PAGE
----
Dutch utility Waterschapsbedrijf Limburg has converted a treatment plant into a full size laboratory to test new technologies and materials. This includes a self-repairing concrete tank. As a world first, how does this work and what potential does it have to reduce operation and maintenance costs?
By Andrew Williams
Fixing cracks in concrete water and wastewater tanks is an unavoidable - not to mention difficult, time consuming and often very costly - activity. When coupled with the added complications associated with draining tanks before repairs can be carried out, as well as the extra costs inevitably incurred when treatment facilities are shut down, such tasks can soon turn into a considerable burden on businesses and the bottom line.
In an interesting attempt to tackle these ongoing challenges, Netherlands based water utility Waterschapsbedrijf Limburg (WBL) has now embarked on an innovative pilot project involving the construction of the first ever wastewater treatment tank made partly from self-repairing concrete. So, what exactly does the pilot project entail? What are the actual and potential applications of self-healing concrete in the wastewater storage and treatment sector? And what impact could the new material ultimately have on tank maintenance and repair costs?
In an effort to develop next generation wastewater storage and treatment methods, the Dutch outfit has taken the bold step of transforming a large part of its Simpleveld plant in the southern Netherlands into a full size laboratory designed to act as a test bed for groundbreaking and pioneering wastewater technologies, as well as state of the art modular facility construction techniques. As part of this initiative, three of around thirty wall elements in a prefabricated wastewater tank have been constructed from a cutting edge type of self-repairing concrete.
If cracks occur in the concrete, calcite-precipitating bacteria embedded in the novel ‘self-healing’ material - developed in collaboration with TU-Delft (Delft Technical University) - automatically produce lime to repair the damage, resulting in higher durability and lower repair and maintenance costs.
“TU-Delft has developed this innovative concrete by adding special bacteria to regular concrete,” says Karel Clemens, project development manager at WBL. “The bacteria that are applied are absolutely harmless to people and the surrounding environment.”
However, although self-repairing concrete is undeniably a very useful material, Clemens admits that it is currently more expensive than regular concrete. As a result, he explains that its application at this stage has been confined to a focus on structures that are “hard to reach for inspection and repair” - such as the wastewater tank at Simpleveld. To produce the concrete elements, Clemens also reveals that the WBL and TU-Delft team worked in close cooperation with the manufacturer of the tank, Bestcon - in the process proving that self-repairing concrete can be produced in any well equipped concrete products factory.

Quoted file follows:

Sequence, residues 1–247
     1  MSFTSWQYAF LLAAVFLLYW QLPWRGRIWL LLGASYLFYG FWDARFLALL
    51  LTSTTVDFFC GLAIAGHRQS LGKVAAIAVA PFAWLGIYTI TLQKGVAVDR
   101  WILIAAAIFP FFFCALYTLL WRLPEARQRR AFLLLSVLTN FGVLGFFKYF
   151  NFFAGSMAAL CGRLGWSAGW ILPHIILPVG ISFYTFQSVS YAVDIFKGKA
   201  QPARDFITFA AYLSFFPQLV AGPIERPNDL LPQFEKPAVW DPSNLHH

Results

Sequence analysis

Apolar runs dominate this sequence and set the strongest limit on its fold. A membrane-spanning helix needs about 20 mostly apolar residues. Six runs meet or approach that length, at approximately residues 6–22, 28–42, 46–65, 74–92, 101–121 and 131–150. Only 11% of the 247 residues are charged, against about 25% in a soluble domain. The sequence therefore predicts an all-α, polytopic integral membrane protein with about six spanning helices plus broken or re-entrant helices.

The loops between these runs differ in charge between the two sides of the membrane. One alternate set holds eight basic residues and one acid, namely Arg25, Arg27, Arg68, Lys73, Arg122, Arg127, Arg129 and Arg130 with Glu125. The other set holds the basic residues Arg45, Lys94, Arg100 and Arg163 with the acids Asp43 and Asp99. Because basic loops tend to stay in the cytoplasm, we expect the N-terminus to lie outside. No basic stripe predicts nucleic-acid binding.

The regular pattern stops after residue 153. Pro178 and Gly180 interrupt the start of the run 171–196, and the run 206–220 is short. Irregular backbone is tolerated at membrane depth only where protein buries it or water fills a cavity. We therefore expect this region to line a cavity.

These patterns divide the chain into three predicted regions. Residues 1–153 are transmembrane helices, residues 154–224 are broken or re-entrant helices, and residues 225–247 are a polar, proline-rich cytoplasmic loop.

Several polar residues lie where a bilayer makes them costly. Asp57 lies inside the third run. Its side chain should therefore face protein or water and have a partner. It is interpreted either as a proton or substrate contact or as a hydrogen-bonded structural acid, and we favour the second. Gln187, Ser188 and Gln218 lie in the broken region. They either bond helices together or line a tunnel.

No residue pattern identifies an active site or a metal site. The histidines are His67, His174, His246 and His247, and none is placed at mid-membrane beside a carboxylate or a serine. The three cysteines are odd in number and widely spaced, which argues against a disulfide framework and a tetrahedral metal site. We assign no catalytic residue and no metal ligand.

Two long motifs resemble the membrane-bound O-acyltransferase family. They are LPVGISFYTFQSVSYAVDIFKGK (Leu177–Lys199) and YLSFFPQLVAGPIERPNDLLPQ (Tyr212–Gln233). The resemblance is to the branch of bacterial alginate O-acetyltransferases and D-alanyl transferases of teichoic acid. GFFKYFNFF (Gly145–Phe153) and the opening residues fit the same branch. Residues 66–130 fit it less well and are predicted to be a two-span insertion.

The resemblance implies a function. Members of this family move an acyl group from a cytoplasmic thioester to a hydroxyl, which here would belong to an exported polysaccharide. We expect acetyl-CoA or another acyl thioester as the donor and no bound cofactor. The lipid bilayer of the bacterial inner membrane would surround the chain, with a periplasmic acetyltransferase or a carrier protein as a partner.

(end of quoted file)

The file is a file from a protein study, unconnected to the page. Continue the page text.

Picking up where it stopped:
“This application of self-repairing concrete in a sewage treatment plant is a worldwide first. The pilot project aims to examine how self-repairing concrete in sewage acts when compared with traditional concrete. To this end, the concrete elements already placed will be regularly monitored in the coming years - and the first results are positive,” he says.
“If the lifecycle cost for tanks that are partly made out of self-repairing concrete turn out to be lower than that of traditional concrete tanks then the application of the material for new projects is certainly an option,” he adds.
Modular plant construction
The self-healing concrete pilot project forms part of a series of trailblazing wastewater treatment innovations being trialled at the Simpleveld plant. According to Clemens, three further large wastewater tanks have also been built from a variety of materials, including stainless steel, wood and coated steel - with the facility acting as a laboratory to test the relative merits and cost implications of each.
The trials are taking place under WBL’s new Verdygo brand - a spin out venture established chiefly to promote a novel technique for the design and construction of wastewater treatment facilities - heralding a bold new approach by the company’s top management.
Whereas wastewater around the world is typically purified by letting it trickle through a pre-set range of processes in a range of fixed tanks set permanently in the ground, Verdygo treatment plants rely instead on an innovative flexible and modular approach that enables the company to apply innovative processes more quickly and at a lower cost. In basic terms, the approach entails the construction and rapid positioning of a variety of standard sized modules above ground. Each module can also be reasonably easily disassembled and moved elsewhere - or connected to other modules or groups of modules to build a much larger system.
“With the Verdygo system, no wastewater is purified - instead purified wastewater is produced in the quality needed at the time and in the place where it is needed. By establishing decentralised cleansing near water users, the reuse of treated water is stimulated,” says Clemens.